In the face of President Rodrigo Duterte's lethal drug policy to kill users and dealers at the slightest excuse, Philippine society is gradually daring to push back. Florian Neuhof reports from Manila.
In Manila's sprawling North Cemetery, paved roads are lined with the sumptuous tombs of the wealthy. Multi-storied and ornate, they resemble comfortable family homes. In narrower alleyways, chest-high graves and towering tombstones remind of the deceased. Occasionally, a funeral procession clogs a lane, a nuisance to the graveyard's living inhabitants.
Around 5,000 squatters have settled amidst the graves, their small shacks of plywood and corrugated iron nestled in between the ostentatious final resting places of the rich. In the evenings, they gather to drink beer and listen to music. Young men play basketball on a concrete patch near one of the entrances.
A little further inwards, 70-year-old Elvira Miranda leans on a grave and points to a vacant plot. It was on this spot that her son Leover, a 39-year-old mentally-handicapped man, was gunned down by police officers after visiting his mother.
"He encountered members of the police and was handcuffed. Our neighbor overheard that he was being asked his name, and why he was here. And then he was shot," Mrs Miranda says with a feeble voice.
The police did not explain their actions, says Miranda, who did not witness the shooting but was told by neighbors how her son had died. Most likely, they mistook Leover's deranged behavior for signs of intoxication, making him another casualty of the lethal war on drugs kicked off by hard-line President Rodrigo Duterte.
Free reign against drug users
Vowing to rid the Philippines of drugs, he gave the police free reign to kill users and dealers at the slightest excuse. Death squads with murky ties to the police and vigilante groups have added to the bloodshed.
Since he assumed office in June 2016, activists estimate that 13,000 people have fallen victim to his brutal crackdown. It is the poor, packed into the slums of the cities, who are bearing the brunt of the onslaught.
"Most of the victims are innocent, young poor people who can't defend themselves," says Benjamin Cordero, an activist for the 'Stop the Killing' movement that is campaigning against the extrajudicial killings.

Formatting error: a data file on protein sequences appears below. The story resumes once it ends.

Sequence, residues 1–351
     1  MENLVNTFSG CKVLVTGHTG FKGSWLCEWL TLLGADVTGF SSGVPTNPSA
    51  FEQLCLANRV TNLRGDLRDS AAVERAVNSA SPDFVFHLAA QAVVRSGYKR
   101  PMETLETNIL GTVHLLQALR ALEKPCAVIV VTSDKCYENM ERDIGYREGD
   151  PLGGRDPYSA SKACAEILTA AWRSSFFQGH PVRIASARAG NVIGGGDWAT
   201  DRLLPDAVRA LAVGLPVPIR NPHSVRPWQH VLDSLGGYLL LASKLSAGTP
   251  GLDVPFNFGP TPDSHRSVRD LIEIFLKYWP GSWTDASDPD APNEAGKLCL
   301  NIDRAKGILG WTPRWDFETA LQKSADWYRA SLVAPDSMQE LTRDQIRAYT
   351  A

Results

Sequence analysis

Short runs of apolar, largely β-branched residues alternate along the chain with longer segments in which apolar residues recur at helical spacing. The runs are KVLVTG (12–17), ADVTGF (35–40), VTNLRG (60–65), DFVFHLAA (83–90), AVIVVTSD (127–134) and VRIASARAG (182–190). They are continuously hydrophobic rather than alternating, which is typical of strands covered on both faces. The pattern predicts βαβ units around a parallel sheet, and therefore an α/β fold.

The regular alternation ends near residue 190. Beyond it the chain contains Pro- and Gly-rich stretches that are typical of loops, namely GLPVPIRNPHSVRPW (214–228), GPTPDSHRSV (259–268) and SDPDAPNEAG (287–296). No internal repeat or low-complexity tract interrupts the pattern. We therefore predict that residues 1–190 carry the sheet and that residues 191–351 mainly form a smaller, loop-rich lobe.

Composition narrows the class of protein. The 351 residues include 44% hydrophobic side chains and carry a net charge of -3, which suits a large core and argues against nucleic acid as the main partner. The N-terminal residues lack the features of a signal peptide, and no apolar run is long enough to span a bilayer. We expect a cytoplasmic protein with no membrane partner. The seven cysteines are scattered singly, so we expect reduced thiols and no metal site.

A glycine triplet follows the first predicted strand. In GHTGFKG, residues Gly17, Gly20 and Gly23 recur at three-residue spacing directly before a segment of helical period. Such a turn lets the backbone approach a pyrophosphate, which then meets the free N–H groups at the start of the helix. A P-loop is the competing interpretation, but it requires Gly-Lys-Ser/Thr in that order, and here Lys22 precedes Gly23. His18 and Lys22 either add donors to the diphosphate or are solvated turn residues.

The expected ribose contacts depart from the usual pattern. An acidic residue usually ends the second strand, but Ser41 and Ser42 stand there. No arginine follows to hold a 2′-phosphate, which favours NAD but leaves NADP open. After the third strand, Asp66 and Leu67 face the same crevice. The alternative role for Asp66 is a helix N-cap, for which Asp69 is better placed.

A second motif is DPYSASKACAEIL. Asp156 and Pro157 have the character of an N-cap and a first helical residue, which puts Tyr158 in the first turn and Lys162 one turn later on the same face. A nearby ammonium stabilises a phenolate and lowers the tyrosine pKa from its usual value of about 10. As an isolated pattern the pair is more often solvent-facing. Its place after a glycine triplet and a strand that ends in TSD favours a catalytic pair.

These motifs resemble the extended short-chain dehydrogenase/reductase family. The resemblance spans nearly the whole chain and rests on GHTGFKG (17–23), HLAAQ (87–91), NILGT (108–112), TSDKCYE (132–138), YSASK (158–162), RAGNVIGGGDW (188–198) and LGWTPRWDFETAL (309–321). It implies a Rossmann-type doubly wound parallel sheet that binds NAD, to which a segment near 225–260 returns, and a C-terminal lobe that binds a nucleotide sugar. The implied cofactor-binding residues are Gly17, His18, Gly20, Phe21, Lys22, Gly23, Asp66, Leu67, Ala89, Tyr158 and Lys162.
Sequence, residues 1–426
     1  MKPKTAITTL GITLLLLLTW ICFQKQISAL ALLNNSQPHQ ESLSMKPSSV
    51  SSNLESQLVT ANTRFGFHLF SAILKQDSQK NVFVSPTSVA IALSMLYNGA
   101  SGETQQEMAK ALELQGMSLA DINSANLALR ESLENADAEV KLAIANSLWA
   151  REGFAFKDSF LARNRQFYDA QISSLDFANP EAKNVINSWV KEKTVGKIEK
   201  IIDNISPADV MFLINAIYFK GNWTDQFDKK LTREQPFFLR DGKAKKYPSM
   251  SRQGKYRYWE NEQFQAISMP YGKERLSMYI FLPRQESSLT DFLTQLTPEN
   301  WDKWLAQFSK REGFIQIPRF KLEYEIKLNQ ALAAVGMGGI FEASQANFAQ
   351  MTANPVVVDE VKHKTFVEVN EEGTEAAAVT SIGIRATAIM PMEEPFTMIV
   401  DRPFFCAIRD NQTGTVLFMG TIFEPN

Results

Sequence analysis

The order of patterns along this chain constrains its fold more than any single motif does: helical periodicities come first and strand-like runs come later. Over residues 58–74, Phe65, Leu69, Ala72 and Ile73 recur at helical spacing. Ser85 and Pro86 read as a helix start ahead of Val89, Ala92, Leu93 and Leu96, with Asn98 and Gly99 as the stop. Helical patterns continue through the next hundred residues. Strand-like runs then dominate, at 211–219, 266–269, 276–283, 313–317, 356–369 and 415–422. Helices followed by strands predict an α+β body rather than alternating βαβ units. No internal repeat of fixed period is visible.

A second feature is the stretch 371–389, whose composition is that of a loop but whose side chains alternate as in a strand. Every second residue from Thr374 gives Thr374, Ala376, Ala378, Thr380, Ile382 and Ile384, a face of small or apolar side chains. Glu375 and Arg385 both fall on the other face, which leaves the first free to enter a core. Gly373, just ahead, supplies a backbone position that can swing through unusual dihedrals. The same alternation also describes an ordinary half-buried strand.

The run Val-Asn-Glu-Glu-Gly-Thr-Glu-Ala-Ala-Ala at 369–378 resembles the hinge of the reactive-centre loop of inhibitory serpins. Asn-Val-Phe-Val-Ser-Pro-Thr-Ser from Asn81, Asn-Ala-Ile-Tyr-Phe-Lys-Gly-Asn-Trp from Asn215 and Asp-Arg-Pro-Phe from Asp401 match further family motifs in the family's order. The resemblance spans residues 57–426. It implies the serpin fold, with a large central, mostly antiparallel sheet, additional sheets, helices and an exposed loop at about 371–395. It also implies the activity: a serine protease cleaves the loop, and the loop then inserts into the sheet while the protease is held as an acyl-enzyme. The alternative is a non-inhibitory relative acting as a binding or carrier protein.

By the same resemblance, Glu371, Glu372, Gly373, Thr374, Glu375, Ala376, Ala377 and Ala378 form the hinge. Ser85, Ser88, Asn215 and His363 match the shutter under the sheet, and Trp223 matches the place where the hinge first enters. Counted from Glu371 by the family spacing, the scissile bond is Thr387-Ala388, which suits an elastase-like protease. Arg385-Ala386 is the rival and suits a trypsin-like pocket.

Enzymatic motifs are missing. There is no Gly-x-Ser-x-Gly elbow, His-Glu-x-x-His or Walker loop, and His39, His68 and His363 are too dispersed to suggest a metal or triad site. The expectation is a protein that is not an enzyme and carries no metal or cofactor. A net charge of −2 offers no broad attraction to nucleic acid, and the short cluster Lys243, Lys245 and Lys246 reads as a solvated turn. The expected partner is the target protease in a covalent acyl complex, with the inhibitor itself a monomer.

"People die here every other day," says Romelito Jimenez, the husband of Mrs Miranda's niece, who also lives on the cemetery. Only two weeks after Leover was gunned down, the police killed a cousin of his wife, says Jimenez. He had occasionally smoked "shabu," as crystal meth is known in the Philippines.
It is not just police officers pulling the trigger. In a modest neighborhood in the Sampaloc district of Manila, 51-year-old Ernesto Tapang sat in front of his home one night in January, waiting for his son to return from a long shift driving a truck through Manila's congested streets.
A surveillance camera installed nearby captured how a SUV pulled up at his door, and several armed men got out of the vehicle. Raising their pistols, they began to shoot, the muzzle flashes illuminating the grainy camera footage. The footage shows how Tapang scrambled to his feet and tried to escape. An incident report from the local authorities would later state that his lifeless body was delivered to the hospital with 18 gunshot wounds.
The family says that Tapang never took drugs, and local authorities confirm that he was not on their drugs watch list that Duterte's henchmen use to track down their victims.
"We think it was a case of mistaken identity. He was friends with the tricycle drivers, and some of them take drugs. A few days earlier, a guy was gunned down nearby," says Emilita Tapang-Pantado, Tapang's youngest sister. She believes that her brother fell victim to a death squad that was called into life by the president, and who are known as the "Davao Death Squad" after the city that Duterte hails from.
Duterte won last year's elections in a landslide victory, and his tough stance on drugs proved popular even in the poor sections of society.
"They are pro-Duterte as long as it doesn't happen to them. My bother even voted for him. He agreed with his policy on drugs," says Tapang-Pantado.
But as the death toll began to rise, opposition to his ruthless anti-narcotics drive grew.
Opposition to Duterte grows
There was outrage when police killed three unarmed teenagers in separate incidents over the summer. Thousands marched in protest when video footage emerged of 17-year-old Kian Santos being marched down an alley and shot by police, who later claimed he was resisting arrest.
Kian's death prompted the influential Catholic Church to take a clear stand against the extrajudicial killings. When the police came to take two under-aged witnesses that had sought shelter in the San Roque Cathedral in Manila, Bishop Pablo David refused to hand them over.
The church has been slow to criticize Duterte's drug war, having been cowed into silence by the president's ferocious attack on the institution, which centered on child abuse scandals committed by the clergy.
Buoyed by the the protests, the church is now finding its voice.
According to Carlos Conde, a Philippines researcher for Human Rights Watch, opposition to Duterte is growing slowly but surely.
"A lot of people thought that Duterte was invincible. The death of those kids and the public outcry will encourage civil society and the church to speak up. The [church] will play an even more significant role in the months and years ahead."